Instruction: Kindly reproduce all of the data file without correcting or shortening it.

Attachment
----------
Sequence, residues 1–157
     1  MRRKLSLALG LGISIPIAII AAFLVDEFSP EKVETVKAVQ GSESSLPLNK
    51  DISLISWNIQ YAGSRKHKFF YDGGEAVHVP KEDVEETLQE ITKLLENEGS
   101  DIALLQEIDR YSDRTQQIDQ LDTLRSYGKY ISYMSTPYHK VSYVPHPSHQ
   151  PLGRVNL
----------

Sequence, residues 1–157
     1  MRRKLSLALG LGISIPIAII AAFLVDEFSP EKVETVKAVQ GSESSLPLNK
    51  DISLISWNIQ YAGSRKHKFF YDGGEAVHVP KEDVEETLQE ITKLLENEGS
   101  DIALLQEIDR YSDRTQQIDQ LDTLRSYGKY ISYMSTPYHK VSYVPHPSHQ
   151  PLGRVNL